Felony conviction, see Code of Virginia § 18.2-10; Misdemeanor conviction, see Code of Virginia § 18.2-11

What if I posses or distribute heroin at school?

The school is required by law to notify the local law enforcement agency when any student has committed certain offenses, including any conduct involving alcohol, marijuana, a controlled substance, imitation controlled substance, or an anabolic steroid. (Code of Virginia § 22.1-279.3:1.(A) and the enhanced penalties Code of Virginia § 18.2-255.2).

You will be subject to both school disciplinary action and criminal action.

Code of Virginia § 22.1-277.08 requires local school board policies to provide for the expulsion of any student determined to have brought a controlled substance, imitation controlled substance, or marijuana onto school property or to a school-sponsored activity.

Can law enforcement search for drugs at my school?

Yes. Law enforcement officers may periodically make unannounced visits to any public school for the purpose of detecting the presence of illegal drugs. Drug dogs are one method that law enforcement officers may use to search for drugs.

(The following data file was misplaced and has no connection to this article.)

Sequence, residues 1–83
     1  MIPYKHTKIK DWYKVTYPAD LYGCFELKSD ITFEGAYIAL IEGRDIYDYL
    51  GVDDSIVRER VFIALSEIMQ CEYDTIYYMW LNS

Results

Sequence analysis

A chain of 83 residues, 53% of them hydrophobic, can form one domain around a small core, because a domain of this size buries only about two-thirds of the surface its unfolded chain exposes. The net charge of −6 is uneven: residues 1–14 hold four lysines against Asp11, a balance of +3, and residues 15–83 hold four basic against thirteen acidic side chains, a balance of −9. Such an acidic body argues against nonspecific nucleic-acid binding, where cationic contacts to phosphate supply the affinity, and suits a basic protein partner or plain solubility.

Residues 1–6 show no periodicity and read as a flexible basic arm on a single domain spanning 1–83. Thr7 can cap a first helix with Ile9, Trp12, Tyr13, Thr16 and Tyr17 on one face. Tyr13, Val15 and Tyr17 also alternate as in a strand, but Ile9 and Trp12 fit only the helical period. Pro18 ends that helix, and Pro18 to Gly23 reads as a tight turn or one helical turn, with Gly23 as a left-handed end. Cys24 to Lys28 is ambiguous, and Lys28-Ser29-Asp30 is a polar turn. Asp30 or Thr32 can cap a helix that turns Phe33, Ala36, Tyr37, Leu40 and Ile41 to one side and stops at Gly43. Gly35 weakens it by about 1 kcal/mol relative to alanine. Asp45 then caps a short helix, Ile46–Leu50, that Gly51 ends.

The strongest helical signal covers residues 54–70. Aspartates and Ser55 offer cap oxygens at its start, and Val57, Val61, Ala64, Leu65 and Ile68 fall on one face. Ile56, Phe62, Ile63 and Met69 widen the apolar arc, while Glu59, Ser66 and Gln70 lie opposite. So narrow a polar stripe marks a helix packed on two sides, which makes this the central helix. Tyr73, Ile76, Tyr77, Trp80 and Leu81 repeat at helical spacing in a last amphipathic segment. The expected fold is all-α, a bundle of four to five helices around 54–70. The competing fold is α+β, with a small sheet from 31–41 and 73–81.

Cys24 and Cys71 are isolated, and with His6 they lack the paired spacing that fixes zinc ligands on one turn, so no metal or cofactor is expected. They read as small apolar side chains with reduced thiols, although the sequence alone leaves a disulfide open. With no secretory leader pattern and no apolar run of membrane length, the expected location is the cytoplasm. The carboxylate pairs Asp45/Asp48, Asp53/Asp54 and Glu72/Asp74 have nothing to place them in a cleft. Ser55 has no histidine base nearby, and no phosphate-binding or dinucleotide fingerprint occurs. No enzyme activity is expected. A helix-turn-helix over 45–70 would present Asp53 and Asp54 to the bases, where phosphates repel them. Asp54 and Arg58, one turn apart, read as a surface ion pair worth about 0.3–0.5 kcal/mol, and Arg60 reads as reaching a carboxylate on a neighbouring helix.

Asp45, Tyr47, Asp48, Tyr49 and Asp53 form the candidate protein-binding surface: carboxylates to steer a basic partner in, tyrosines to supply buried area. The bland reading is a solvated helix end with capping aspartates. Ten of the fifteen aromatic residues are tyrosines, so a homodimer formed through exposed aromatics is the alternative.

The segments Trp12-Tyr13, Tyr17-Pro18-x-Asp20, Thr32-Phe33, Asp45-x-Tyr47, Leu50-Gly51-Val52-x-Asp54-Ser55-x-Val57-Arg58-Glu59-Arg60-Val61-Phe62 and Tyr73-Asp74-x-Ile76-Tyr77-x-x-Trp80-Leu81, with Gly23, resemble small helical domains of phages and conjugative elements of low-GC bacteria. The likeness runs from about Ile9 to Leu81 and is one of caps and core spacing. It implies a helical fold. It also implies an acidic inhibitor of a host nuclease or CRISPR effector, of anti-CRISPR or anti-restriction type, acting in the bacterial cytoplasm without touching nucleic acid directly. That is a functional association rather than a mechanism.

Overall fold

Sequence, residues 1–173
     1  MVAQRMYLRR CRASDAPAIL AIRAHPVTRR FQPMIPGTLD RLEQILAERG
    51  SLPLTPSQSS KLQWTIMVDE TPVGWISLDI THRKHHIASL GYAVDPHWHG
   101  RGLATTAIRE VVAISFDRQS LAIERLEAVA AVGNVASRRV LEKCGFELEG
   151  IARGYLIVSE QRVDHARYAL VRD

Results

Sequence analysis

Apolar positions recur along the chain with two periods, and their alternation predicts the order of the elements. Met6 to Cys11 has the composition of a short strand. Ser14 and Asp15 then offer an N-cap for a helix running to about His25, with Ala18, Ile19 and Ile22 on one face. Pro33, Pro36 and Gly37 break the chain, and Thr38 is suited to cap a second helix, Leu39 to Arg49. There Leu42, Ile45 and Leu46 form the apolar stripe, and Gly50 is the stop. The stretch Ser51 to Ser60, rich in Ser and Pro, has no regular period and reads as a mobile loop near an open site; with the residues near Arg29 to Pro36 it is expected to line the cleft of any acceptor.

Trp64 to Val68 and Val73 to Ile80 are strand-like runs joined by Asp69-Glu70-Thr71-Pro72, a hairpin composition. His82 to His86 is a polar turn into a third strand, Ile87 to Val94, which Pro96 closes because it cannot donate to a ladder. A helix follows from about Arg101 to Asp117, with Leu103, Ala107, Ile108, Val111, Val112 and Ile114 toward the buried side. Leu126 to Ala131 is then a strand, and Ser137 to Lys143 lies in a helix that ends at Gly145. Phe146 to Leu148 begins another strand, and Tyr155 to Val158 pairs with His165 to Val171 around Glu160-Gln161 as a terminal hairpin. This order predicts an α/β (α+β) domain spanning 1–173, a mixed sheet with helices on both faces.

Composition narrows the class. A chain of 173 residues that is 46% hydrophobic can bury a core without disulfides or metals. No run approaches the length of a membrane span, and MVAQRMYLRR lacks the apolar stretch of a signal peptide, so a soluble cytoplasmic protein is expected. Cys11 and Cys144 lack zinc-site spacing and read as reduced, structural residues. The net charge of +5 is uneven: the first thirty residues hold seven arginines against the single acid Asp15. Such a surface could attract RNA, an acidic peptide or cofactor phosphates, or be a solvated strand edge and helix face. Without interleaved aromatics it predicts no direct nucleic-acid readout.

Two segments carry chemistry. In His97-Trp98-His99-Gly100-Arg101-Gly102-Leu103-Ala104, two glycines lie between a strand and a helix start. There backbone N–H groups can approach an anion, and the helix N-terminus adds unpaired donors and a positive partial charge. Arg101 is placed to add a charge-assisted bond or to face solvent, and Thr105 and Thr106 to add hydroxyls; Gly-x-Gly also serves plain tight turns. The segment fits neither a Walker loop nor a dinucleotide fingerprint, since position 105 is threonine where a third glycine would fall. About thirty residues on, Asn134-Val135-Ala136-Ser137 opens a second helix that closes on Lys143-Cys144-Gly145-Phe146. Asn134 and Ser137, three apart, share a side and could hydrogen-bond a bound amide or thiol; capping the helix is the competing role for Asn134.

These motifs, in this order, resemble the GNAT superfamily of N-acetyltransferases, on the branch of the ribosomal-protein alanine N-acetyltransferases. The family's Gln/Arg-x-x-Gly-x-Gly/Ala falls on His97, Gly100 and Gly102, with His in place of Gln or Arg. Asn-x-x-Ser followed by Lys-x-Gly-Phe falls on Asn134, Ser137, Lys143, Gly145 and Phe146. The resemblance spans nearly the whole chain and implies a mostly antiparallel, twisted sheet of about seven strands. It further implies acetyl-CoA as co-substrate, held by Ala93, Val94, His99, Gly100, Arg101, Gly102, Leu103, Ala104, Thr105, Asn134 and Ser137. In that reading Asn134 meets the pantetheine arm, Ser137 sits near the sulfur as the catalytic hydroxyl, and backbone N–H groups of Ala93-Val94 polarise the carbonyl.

What if a law enforcement officer finds heroin in my possession?

The law enforcement officer will confiscate the controlled substance and charge you with possession of a controlled substance in violation of Code of Virginia § 18.2-250. Depending on the amount you have in your possession, the officer may also charge you with the crime of distribution of a controlled substance in violation of Code of Virginia § 18.2-255. Note that “drug possession” is not limited to drugs kept on your person, but may also apply to drugs kept in places that are in your custody or control, such as a car or locker, depending on the circumstances.